Compiling Guppy-PE extension modules

Dave Hansen iddw at hotmail.com
Tue Nov 29 23:49:06 CET 2005


On 29 Nov 2005 11:53:31 -0800 in comp.lang.python, "Sverker Nilsson"
<sverker.is at home.se> wrote:

[...]
>One of the problems, seems to be string constants in the C source that
>contain newlines. I am using GCC on Linux so, I missed this with the

I'm not sure what you mean by this.  Something like

   char long_string[] = " A long string that
                          extends to subsequent lines
                          before closing the quote? ";

>standard warning options. Compiling with -pedantic reveals 'a lot' of
>places where this is a problem.
>
>I could fix this but it takes some work and it makes the source code
>less readable so I was wondering ...

Eye of the beholder, I guess.

You were aware that C supports concatenation of string literals
separated only by whitespace?  For example, if the problem is similar
to the long_string example above, and it does what I think it does,
the following code should be equivalent and will compile on any good C
compiler (even Microsoft's).

   char long_string[] = " A long string that\n"
"                          extends to subsequent lines\n"
"                          before closing the quote? ";

Not that much worse, and you could probably write a Python script to
automate the changes.  If a quote opens but doesn't close on a line,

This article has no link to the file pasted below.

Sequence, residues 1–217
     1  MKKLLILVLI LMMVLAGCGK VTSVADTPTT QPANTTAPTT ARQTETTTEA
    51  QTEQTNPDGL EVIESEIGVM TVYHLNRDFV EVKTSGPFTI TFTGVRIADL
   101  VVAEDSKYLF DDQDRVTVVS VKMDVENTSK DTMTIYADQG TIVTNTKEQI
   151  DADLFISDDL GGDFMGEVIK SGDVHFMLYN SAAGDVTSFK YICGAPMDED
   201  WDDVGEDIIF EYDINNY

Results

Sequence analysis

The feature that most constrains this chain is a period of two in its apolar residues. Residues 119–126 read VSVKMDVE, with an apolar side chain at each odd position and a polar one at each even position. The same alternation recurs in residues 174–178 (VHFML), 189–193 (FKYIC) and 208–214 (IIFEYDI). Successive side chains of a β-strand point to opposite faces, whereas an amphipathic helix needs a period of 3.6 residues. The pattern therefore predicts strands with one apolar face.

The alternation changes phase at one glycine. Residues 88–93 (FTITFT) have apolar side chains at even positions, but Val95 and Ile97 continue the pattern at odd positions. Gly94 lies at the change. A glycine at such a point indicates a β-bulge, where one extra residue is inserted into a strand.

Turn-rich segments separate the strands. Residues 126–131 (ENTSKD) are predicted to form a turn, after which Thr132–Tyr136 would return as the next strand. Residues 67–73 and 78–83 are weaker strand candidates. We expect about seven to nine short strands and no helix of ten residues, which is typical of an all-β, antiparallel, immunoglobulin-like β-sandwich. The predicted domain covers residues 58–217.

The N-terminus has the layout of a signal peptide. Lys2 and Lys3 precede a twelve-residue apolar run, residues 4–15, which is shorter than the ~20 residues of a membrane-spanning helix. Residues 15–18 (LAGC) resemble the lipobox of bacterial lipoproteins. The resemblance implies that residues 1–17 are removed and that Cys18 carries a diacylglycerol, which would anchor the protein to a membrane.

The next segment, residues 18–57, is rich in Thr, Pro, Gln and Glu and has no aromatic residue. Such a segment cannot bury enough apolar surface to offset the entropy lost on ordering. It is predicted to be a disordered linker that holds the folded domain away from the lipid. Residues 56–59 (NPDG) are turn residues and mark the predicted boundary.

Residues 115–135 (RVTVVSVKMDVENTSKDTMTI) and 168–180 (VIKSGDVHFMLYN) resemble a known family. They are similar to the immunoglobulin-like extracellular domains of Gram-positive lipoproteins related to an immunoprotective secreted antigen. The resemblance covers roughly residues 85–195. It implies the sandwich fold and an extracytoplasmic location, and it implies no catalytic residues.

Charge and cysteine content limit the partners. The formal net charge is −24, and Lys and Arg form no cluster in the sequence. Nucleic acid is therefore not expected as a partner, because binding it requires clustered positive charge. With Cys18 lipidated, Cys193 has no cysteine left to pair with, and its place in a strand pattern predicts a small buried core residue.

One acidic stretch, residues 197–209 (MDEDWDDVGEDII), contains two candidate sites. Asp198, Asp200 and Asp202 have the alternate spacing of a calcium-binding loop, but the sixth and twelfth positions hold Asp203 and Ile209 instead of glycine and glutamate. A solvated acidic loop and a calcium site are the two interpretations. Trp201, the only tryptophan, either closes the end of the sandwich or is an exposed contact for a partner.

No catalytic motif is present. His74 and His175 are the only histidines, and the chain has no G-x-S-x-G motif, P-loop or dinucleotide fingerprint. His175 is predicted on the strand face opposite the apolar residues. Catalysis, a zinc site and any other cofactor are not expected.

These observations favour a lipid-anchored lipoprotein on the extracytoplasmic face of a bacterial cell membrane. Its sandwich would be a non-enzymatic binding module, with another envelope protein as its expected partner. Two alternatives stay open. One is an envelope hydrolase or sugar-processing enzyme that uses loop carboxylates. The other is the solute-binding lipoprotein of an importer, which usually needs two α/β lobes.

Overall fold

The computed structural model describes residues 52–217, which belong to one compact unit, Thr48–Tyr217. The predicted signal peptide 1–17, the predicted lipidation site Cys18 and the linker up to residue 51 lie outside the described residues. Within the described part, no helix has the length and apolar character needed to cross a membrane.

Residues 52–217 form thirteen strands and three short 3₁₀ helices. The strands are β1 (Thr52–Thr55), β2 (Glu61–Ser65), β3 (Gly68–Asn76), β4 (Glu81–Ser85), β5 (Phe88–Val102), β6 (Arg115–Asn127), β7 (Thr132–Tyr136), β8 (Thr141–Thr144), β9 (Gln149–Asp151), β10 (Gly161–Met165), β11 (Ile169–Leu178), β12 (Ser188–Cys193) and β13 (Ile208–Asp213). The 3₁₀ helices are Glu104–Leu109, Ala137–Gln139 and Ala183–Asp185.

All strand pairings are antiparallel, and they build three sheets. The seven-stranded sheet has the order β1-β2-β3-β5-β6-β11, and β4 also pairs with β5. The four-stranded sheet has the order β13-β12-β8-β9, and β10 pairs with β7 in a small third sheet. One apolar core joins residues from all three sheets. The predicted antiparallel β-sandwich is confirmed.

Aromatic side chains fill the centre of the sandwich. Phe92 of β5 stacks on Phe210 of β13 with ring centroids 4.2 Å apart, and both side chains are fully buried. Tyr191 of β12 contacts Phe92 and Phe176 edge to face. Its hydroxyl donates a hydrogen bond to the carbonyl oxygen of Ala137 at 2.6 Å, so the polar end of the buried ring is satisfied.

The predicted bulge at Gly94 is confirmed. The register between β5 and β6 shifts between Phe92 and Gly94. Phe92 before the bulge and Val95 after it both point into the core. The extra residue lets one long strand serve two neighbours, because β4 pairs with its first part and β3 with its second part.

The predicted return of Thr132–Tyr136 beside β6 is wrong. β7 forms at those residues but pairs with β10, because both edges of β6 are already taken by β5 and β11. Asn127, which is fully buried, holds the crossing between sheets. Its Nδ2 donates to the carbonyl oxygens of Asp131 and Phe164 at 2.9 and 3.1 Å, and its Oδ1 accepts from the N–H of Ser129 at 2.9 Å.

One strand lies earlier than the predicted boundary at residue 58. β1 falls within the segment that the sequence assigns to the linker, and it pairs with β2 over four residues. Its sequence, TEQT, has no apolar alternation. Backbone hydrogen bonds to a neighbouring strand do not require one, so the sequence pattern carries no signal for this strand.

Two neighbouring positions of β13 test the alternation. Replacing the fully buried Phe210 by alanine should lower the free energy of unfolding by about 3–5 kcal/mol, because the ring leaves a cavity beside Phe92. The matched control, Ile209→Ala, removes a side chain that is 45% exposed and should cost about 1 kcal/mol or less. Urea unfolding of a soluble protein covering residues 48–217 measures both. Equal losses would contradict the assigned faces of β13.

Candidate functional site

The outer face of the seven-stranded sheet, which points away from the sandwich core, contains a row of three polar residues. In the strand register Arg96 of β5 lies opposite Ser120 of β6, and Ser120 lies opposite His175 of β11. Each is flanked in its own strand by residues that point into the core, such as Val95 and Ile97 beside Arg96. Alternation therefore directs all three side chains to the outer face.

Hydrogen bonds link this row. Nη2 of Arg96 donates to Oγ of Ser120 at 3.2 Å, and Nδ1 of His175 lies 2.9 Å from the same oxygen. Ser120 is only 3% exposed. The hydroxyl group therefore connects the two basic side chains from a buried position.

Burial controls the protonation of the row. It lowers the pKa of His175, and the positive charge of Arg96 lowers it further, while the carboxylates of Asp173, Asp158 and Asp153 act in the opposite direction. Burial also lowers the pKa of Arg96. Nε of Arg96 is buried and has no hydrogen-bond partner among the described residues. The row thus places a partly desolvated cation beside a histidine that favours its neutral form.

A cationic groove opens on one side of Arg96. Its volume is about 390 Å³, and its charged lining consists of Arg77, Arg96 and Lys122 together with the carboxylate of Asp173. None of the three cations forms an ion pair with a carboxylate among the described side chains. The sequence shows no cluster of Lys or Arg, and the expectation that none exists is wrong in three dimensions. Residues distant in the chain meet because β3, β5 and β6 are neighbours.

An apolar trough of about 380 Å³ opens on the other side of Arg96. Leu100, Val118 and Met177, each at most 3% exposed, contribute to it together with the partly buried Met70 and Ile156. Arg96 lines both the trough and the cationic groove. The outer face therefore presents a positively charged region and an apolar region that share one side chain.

append a newline and close the quote, then prepend an opening quote on
the next line.  The only tricky part is making sure the opening quote
isn't inside a comment or character literal.

>
>Is this a common problem? Or maybe it is just the compiler version
>mentioned that doesn't handle it?

I wasn't even aware GCC supported such an extension.  Certainly no
other C compiler I've used has anything like this.

>
>Does someone know of some switch to enable the Microsoft compiler to
>accept strings with newlines?

Not that I'm aware of.  Sorry.  

Maybe one exists, but if so, I'd resist the temptation to use it.  It
might disappear in a later version of the compiler, or you might need
to use some other compiler that doesn't support multiline strings, and
you're back where you started.

[...]

>
>PS. I know it's not ANSI-correct but why do we have to work to make
>our source codes less clear?

Hysterical raisins.  Regards,
                                        -=Dave

-- 
Change is inevitable, progress is not.



More information about the Python-list mailing list